• test - build the full compiler & run all tests (takes a while). This is what gets run by the continuous integration system against your pull request. You should run this before submitting to make sure your tests pass & everything builds in the correct manner.
  • test src/libstd --stage 1 - test the standard library without recompiling stage 2.
  • test src/test/run-pass --test-args TESTNAME - Run a matching set of tests.
    • TESTNAME should be a substring of the tests to match against e.g. it could be the fully qualified test name, or just a part of it. TESTNAME=collections::hash::map::test_map::test_capacity_not_less_than_len or TESTNAME=test_capacity_not_less_than_len.
  • test src/test/run-pass --stage 1 --test-args <substring-of-test-name> - Run a single rpass test with the stage1 compiler (this will be quicker than running the command above as we only build the stage1 compiler, not the entire thing). You can also leave off the directory argument to run all stage1 test types.
  • test src/libcore --stage 1 - Run stage1 tests in libcore.
  • test src/tools/tidy - Check that the source code is in compliance with Rust's style guidelines. There is no official document describing Rust's full guidelines as of yet, but basic rules like 4 spaces for indentation and no more than 99 characters in a single line should be kept in mind when writing code.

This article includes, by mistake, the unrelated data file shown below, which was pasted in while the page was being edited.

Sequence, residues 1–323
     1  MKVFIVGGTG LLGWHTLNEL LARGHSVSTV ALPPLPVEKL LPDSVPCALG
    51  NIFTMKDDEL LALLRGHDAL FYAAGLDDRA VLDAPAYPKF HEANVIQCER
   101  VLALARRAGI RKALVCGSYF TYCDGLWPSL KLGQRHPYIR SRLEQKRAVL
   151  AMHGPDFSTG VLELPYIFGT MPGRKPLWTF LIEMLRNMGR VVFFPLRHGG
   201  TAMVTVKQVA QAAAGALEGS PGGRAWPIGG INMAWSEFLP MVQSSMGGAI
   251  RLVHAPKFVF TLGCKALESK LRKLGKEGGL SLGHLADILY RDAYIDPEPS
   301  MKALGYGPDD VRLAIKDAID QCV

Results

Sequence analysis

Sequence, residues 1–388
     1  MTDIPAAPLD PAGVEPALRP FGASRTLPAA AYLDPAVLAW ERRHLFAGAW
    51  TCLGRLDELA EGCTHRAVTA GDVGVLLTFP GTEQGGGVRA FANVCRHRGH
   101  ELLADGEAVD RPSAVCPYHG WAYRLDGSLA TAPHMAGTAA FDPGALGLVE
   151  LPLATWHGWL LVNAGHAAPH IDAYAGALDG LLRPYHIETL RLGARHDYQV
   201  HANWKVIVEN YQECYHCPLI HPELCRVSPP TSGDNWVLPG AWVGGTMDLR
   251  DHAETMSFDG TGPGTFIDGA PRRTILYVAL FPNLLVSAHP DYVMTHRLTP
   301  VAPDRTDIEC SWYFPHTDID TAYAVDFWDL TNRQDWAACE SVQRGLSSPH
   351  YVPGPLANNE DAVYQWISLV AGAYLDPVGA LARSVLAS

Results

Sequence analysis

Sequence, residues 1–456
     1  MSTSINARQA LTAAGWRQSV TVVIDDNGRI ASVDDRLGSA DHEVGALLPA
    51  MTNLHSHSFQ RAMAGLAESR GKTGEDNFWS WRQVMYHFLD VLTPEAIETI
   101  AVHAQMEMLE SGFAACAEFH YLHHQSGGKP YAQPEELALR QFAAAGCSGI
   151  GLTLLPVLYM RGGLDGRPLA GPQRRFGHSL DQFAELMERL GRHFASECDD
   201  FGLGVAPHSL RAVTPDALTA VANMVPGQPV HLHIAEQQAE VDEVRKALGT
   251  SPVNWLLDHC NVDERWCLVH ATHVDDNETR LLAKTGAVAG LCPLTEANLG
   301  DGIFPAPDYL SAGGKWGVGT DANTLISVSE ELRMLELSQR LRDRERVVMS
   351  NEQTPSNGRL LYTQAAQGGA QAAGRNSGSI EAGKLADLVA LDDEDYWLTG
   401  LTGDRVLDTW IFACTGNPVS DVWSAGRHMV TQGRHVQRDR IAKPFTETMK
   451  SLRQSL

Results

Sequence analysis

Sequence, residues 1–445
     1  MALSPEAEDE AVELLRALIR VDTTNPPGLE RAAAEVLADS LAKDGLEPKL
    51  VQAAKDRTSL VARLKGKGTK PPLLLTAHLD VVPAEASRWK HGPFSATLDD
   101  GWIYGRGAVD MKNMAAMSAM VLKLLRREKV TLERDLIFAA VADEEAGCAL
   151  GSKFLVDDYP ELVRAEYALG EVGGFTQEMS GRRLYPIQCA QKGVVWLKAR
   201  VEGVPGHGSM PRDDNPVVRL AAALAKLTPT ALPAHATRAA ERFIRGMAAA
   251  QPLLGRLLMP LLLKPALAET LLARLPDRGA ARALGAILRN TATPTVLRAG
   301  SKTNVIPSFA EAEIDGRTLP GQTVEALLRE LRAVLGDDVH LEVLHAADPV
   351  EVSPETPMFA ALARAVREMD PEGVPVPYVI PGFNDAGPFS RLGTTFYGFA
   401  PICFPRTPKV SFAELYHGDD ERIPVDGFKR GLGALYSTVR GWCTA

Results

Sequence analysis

Using your local build

If you use Rustup to manage your rust install, it has a feature called "custom toolchains" that you can use to access your newly-built compiler without having to install it to your system or user PATH. If you've run python build, then you can add your custom rustc to a new toolchain like this:

rustup toolchain link <name> build/<host-triple>/stage2

Where <host-triple> is the build triple for the host (the triple of your computer, by default), and <name> is the name for your custom toolchain. (If you added --stage 1 to your build command, the compiler will be in the stage1 folder instead.) You'll only need to do this once - it will automatically point to the latest build you've done.

Once this is set up, you can use your custom toolchain just like any other. For example, if you've named your toolchain local, running cargo +local build will compile a project with your custom rustc, setting rustup override set local will override the toolchain for your current directory, and cargo +local doc will use your custom rustc and rustdoc to generate docs. (If you do this with a --stage 1 build, you'll need to build rustdoc specially, since it's not normally built in stage 1. python build --stage 1 src/libstd src/tools/rustdoc will build rustdoc and libstd, which will allow rustdoc to be run with that toolchain.)

Pull Requests

Pull requests are the primary mechanism we use to change Rust. GitHub itself has some great documentation on using the Pull Request feature. We use the "fork and pull" model described here, where contributors push changes to their personal fork and create pull requests to bring those changes into the source repository.

Please make pull requests against the master branch.